My point was publishers are not going to sneak into your house and replace your classics in the night, but that fear is not there with the kindle because Dr. Schramm stated they are on a hard drive. I think real books will always be the failsafe or backup to prevent a power grid failure causing the loss of knowledge. If you rely on someone to keep some sort of a backup then you really are going to be counting on the suspicious and paranoid who have set up solar pannels or small wind mills to "stay off the grid," and both those techs are limited by the shelf life of batteries to store charges. Mabye one of the paranoids should add about a hundred pens and tablets of papers to their shelter then they can transcribe the books if a prolonged power loss happens.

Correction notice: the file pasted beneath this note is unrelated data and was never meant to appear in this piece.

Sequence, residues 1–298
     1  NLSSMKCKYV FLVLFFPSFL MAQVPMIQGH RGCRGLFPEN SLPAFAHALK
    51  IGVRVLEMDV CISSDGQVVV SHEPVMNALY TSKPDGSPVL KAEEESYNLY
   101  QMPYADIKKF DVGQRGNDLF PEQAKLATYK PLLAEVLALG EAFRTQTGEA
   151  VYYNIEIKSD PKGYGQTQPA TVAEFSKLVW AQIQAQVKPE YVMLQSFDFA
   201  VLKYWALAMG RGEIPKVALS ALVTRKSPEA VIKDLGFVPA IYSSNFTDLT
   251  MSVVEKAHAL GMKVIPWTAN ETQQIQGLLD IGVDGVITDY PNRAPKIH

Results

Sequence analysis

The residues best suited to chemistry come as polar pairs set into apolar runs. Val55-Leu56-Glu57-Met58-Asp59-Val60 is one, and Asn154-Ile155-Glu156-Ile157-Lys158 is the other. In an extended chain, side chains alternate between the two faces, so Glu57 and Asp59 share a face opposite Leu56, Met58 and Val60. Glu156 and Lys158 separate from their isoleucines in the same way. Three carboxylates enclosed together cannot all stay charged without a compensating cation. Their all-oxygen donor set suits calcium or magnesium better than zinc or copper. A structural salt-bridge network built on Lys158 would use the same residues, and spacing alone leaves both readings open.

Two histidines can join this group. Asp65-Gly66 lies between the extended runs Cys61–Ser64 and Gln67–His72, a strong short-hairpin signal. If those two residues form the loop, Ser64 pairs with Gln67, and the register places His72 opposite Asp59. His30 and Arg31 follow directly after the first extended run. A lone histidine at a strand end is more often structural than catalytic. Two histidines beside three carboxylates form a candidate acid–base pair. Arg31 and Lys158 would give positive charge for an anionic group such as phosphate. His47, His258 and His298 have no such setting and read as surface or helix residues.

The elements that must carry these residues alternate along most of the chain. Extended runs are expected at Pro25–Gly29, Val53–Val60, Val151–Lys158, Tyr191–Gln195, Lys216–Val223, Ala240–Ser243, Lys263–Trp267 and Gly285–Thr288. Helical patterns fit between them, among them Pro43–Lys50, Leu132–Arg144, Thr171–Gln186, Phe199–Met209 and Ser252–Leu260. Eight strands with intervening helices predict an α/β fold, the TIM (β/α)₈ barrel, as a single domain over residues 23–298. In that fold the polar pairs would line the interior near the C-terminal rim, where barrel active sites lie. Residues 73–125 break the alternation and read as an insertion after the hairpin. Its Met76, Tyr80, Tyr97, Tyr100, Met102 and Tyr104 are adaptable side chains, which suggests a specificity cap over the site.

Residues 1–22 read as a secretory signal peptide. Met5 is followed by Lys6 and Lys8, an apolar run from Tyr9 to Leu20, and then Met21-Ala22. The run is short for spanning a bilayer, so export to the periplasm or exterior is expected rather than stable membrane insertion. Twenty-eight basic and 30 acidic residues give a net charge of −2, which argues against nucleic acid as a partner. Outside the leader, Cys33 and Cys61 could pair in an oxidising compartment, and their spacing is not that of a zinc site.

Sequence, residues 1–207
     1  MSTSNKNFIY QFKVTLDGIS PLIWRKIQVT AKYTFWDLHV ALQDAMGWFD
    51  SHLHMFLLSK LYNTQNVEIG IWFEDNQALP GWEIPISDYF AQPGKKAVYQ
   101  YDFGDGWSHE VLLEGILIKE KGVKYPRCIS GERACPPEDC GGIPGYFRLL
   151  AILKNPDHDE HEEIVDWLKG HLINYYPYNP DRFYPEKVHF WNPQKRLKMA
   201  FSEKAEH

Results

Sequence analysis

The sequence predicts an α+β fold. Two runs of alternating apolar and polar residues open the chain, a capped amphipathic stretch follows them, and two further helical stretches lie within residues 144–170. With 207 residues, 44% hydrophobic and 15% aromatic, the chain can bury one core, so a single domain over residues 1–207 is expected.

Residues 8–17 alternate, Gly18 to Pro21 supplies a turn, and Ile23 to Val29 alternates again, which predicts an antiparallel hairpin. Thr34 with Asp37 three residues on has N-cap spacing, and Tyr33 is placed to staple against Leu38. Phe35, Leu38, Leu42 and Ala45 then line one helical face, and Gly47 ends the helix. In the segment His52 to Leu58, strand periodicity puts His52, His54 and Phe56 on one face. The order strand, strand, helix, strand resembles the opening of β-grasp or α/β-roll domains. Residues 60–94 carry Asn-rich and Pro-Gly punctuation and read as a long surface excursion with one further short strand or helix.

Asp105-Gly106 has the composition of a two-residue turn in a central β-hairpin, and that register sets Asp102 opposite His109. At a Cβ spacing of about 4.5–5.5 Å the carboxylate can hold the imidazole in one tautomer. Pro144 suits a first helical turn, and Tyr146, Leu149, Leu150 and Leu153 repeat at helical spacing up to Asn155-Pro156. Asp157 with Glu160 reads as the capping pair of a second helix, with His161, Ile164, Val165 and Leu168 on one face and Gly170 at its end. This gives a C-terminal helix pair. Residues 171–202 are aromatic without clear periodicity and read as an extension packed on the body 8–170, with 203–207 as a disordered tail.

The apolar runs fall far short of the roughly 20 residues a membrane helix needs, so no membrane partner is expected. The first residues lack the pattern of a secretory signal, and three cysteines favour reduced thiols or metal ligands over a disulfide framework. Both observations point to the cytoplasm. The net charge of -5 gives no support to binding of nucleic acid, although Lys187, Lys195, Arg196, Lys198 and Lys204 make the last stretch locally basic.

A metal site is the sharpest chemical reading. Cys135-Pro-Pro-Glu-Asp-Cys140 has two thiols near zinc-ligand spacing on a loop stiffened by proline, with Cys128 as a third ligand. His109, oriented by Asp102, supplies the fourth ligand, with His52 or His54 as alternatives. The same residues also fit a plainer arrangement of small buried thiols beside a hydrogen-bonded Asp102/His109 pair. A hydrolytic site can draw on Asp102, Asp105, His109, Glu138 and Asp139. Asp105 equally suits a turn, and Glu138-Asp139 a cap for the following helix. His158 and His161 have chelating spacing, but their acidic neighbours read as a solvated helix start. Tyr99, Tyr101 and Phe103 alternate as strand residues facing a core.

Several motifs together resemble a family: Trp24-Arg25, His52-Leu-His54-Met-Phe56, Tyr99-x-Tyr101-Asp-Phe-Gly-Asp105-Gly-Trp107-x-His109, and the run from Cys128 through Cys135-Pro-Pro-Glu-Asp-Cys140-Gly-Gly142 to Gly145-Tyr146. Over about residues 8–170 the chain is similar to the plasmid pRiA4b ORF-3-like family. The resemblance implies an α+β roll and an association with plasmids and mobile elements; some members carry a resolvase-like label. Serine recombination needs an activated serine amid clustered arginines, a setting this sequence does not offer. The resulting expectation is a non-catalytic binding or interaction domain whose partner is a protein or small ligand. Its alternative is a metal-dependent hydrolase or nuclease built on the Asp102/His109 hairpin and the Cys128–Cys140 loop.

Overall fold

Looking through the thread I realize that my first post reads like a confession about being intimate with certain libraries. Tony Williams' comment makes me feel promiscuous, a librarious libertine. I do own many books, and while I love to buy new ones and think it proper, I can't afford many. My poor husband tolerates my collecting and my literary absorption. His forbearance is not merely over the expense of books, but of the numbers. Dollar-a-bag library sales and used book stores are a means of my sinning cheaply. Libraries want their books back, which means books that leave the house when they have been read. Those only take up temporary space.
Surely, you will have noticed Google Books, but have you found the Internet Archive, which is a wonderful source for historical research and digitized versions of original documents? I use that latter source heavily in my current research and enjoy the facility of the resources.
But, Stertinius and ren, think how many trees will be saved! Don't you care about Mother Earth?
Dr. Moser, think of the carbon footprint from making the battery, hardrive, and use of electricity. That is one of the funner things about environmentalism: anything short of throwing youself off a cliff is bad for mother earth.